Tutoring in a Richmond after-school program for low-income children brought education inequity to life for a University of Richmond student from West Windsor, N.J.

“In the fall of my sophomore year, I volunteered as a mentor with the Youth Life Foundation of Richmond to fulfill the community service element of Dr. Julian Hayter’s leadership studies class Justice and Civil Society,” said Taylor Hoogsteden, ’20. “It was the first time I witnessed firsthand racial and social injustices.

“My mentee was in fifth grade but read on a first-grade level. She was just learning addition and subtraction. I realized her life outcome would not be as good as it could have been had she gone to a different school or lived in a different neighborhood.

“That experience catalyzed my desire to incite change in education policy.”

Hoogsteden, who is majoring in leadership studies and minoring in education and society and law and the liberal arts, dug deeper into education inequity by taking other community-engaged-learning classes. These included Urban Education taught by Dr. Mark Richardson and Leadership on Stage and Screen taught by Dr. Kristin Bezio. In the first she interacted with elementary school students in a reading program, and in the second she worked with high school students to stage a performance of a Shakespeare play.

“I led a third-grade book club for children in a Richmond public school,” Hoogsteden said. “I saw the lack of resources at the school and the students bringing so many issues into the classroom.”

Determined to learn more about the effect policy has on public education, she applied for and was accepted into Virginia Governor Ralph Northam’s 2019 Governor’s Fellows Program. With the support of a Robert L. Burrus Jr. Fellowship, she undertook her Jepson internship as a Governor’s Fellow under Virginia Secretary of Education Atif Qarni.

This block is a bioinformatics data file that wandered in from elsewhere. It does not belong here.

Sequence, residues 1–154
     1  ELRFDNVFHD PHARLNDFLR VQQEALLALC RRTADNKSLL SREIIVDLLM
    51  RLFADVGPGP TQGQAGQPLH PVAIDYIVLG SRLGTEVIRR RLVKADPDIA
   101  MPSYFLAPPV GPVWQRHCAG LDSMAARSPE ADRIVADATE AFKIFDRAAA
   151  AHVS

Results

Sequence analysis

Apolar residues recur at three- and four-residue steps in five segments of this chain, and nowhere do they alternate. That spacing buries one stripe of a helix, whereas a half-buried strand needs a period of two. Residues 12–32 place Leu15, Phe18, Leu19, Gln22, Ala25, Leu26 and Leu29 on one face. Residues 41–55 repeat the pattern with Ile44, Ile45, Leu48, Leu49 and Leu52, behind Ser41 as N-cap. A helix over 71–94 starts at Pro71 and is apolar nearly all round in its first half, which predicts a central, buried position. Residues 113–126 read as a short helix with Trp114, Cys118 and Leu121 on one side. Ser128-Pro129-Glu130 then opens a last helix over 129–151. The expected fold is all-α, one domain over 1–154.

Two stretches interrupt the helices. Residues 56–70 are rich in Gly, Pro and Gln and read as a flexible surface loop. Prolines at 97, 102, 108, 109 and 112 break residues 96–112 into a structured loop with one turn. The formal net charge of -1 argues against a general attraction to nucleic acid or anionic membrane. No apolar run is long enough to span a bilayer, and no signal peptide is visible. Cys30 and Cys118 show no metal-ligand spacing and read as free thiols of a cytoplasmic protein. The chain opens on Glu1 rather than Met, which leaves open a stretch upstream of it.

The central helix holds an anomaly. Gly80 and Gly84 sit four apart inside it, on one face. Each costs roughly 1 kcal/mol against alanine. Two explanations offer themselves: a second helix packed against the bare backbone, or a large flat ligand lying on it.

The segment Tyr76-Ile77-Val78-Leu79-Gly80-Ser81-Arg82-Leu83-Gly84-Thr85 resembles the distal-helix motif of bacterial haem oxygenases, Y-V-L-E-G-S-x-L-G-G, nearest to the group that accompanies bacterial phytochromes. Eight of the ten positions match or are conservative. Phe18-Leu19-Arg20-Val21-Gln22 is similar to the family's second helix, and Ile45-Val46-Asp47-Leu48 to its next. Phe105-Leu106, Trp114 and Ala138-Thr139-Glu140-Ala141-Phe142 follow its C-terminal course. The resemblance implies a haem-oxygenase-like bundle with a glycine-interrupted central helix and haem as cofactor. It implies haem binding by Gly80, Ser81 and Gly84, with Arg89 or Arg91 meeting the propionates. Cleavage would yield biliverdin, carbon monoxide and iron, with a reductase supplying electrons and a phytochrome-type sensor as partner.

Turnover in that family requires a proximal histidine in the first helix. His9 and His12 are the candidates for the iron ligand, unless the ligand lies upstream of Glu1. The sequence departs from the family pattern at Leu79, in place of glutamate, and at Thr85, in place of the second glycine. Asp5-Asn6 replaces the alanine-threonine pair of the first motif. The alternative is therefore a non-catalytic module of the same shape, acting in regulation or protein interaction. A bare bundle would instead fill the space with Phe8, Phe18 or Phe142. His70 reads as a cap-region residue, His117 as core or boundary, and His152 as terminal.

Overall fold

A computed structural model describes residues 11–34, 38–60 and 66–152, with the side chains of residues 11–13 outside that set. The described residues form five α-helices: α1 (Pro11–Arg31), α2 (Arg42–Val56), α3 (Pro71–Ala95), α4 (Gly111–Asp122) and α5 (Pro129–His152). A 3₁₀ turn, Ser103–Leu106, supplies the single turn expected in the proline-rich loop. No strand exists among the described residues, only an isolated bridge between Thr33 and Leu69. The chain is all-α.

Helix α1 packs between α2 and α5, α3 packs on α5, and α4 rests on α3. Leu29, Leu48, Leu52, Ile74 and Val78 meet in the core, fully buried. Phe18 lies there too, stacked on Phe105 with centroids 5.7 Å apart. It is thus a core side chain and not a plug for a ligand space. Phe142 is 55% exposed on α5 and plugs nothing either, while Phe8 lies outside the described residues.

University of Richmond alumna Tori Noles, ’18, a Governor’s Fellow during summer 2017 and now special assistant to the Secretary of Education, served as her immediate supervisor.

“When studying education issues from an academic standpoint, we theorize about how to fix things,” Hoogsteden said. “I realized during my fellowship that some of the issues are more complex and the solutions more difficult to find than I thought at first.

“I engaged in a lot of policy research on student homelessness and food insecurity on college campuses across Virginia. In crafting budget and policy proposals to address these issues, I drew on concepts I learned in Dr. Tom Shields’ leadership studies class Education and Equity.

“He emphasized the need to look at policy through an equity lens. In my proposals, I recommended increased resources for colleges that have student populations that are more likely to be impacted by student insecurity issues, such as homelessness and food insecurity.”

Her budget and policy proposals resonated with Virginia Deputy Secretary of Education Frances Bradford and Virginia Secretary of Education Atif Qarni. The 2020 General Assembly may consider her proposals, Hoogsteden said.

Although her eight-week Jepson internship as a Governor’s Fellow formally ended July 31, she continues to work eight hours a week in the Virginia Education Secretariat while simultaneously completing her academic requirements as a senior at University of Richmond and serving as co-president of the Jepson Student Government Association (JSGA).

“I loved my fellowship,” Hoogsteden said. “I actually had some power to address educational issues. If you really want to help people, you have to work at the local or state level where you can truly understand the communities and issues at hand.

“After I graduate, I hope to continue working in state government in any job that allows me the opportunity to improve society through public service.” 

Associate Professor of Leadership Studies
Leadership in Literature & Film
Leadership in Performance
Cultural & Political History (Early Modern England)
New Media and Gaming
Associate Professor of Leadership Studies
Modern African American History
American Civil Rights Movement
African American Politics in Richmond, Virginia
American Political Development after 1945
Associate Dean, Academic & Student Affairs
Associate Professor, Education
Program Chair, Graduate Education
Associate Professor, Leadership Studies
School Liaison, AFAC
Member, SPCS Speakers Bureau
Educational Leadership
School & Housing Segregation
Changing Demographics in RVA
Ethics & Leadership